1998 CPEO Brownfields List Archive

From: Lenny Siegel <lsiegel@igc.apc.org>
Date: Wed, 08 Apr 1998 13:18:01 -0700 (PDT)
Reply: cpeo-brownfields


The importance of a smooth, reliable process for constructive public
involvement can only increase as various Brownfields initiatives
accelerate activity at state-led sites.

In general, the current process has three shortcomings:

1. In many communities - particularly poor areas and communities of
color - the cleanup process, environmental technology, and government in
general are so overwhelming that people are hesitant to participate. It
may seem that residents don't care; in fact, they may simply believe
that no one will listen to them.

2. Usually public comment is sought late in the decision-making process.
Site neighbors have a difficult dilemma. Do they accede to plans that
have in essence already been developed or approved by regulators? Or do
they throw a "wrench in the works" at the last minute?

3. At some sites, particularly where officials consider at least some
community members to be "troublemakers," public meetings offer little
opportunity for genuine feedback.

Experience with federal facilities and a limited number of other sites
suggests that public participation can be significantly enhanced by a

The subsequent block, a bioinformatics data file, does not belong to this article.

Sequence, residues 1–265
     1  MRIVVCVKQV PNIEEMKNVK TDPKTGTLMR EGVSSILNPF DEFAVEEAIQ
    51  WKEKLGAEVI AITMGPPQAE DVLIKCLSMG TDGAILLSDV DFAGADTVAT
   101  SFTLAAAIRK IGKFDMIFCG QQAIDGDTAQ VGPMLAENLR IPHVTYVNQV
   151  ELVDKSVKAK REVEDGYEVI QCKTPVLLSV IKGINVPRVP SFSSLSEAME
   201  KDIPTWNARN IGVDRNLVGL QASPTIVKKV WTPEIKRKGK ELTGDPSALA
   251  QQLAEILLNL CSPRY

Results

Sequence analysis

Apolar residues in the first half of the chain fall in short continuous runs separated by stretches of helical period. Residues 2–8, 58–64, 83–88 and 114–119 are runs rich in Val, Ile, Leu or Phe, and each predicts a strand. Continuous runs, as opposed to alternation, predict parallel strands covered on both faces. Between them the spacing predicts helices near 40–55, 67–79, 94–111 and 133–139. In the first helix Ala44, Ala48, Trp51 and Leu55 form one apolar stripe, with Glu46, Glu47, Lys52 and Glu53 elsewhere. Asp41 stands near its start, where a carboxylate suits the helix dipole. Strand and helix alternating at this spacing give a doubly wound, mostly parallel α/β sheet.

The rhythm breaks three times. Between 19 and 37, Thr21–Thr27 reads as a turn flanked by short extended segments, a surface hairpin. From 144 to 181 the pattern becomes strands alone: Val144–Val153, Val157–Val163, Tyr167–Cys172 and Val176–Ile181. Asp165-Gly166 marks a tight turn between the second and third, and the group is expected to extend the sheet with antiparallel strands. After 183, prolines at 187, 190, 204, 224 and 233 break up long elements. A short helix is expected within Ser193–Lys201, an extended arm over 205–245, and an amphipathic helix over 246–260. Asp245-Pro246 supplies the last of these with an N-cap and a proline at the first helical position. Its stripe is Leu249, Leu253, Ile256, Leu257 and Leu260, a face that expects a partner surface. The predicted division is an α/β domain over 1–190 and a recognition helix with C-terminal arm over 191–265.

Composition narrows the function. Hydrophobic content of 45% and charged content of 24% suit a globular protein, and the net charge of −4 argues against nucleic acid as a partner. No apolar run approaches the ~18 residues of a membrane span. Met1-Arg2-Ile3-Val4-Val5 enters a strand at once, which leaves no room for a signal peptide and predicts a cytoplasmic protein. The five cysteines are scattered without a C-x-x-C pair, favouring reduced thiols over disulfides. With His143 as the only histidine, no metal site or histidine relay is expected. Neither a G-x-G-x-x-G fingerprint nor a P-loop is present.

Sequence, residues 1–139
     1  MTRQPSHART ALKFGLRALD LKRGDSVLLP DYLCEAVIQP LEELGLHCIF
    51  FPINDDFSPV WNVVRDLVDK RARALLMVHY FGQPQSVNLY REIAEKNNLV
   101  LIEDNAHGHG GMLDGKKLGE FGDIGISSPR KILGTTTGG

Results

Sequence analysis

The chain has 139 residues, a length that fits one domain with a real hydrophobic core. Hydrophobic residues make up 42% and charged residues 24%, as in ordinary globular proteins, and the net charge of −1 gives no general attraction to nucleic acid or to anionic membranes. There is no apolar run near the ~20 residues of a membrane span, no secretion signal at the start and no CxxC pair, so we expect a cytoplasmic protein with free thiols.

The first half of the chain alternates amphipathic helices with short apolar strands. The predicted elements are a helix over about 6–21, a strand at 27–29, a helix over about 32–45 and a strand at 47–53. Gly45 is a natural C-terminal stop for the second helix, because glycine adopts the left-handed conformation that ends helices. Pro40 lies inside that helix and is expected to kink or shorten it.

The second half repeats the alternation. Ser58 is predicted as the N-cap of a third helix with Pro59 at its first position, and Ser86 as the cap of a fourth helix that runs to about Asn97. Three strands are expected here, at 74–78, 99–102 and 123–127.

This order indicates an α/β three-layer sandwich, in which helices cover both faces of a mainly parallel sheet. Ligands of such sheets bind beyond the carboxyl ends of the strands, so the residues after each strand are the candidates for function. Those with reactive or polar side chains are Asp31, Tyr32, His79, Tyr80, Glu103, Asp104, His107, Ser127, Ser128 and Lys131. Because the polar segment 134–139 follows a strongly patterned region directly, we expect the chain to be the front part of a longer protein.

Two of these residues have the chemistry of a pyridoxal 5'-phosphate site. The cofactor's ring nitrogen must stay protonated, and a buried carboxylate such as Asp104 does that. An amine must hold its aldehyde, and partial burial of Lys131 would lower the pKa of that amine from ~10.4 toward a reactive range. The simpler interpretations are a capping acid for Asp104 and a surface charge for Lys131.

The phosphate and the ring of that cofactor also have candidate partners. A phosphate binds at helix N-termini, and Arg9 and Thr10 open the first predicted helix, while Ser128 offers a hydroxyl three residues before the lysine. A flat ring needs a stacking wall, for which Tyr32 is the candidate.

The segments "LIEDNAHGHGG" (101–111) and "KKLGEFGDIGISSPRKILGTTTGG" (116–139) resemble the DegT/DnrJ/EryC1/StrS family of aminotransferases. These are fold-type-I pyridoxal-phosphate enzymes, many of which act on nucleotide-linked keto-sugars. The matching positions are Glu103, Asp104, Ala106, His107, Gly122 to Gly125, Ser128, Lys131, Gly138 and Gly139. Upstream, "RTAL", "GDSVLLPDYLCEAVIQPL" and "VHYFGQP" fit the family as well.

three-part program of community advisory groups, community assistance
offices, and technical advisors. I believe that statutes and regulations
should entitle communities to this type of help, but that it should be
written flexibly enough so that the state does not impose a
one-size-fits-all model onto communities that do not need or want it.
It's important to understand that effective public participation
programs demand, even when subsidized, a great deal of volunteer time
and effort.

* Community Advisory Groups. The best known examples of this model are
Restoration Advisory Boards (RABs) at military bases. These boards
regularly bring together a broad spectrum of community representatives -
environmental activists, business community, academics and other experts
who live in the area, local government, etc. - to hear reports on
investigations and negotiations and to offer feedback, either as
individuals or as a group. Responsible parties and regulators are ex
officio members, and they are expected to provide information in forms
considered useful by the board.

These groups, as indicated by their middle name, are advisory. On the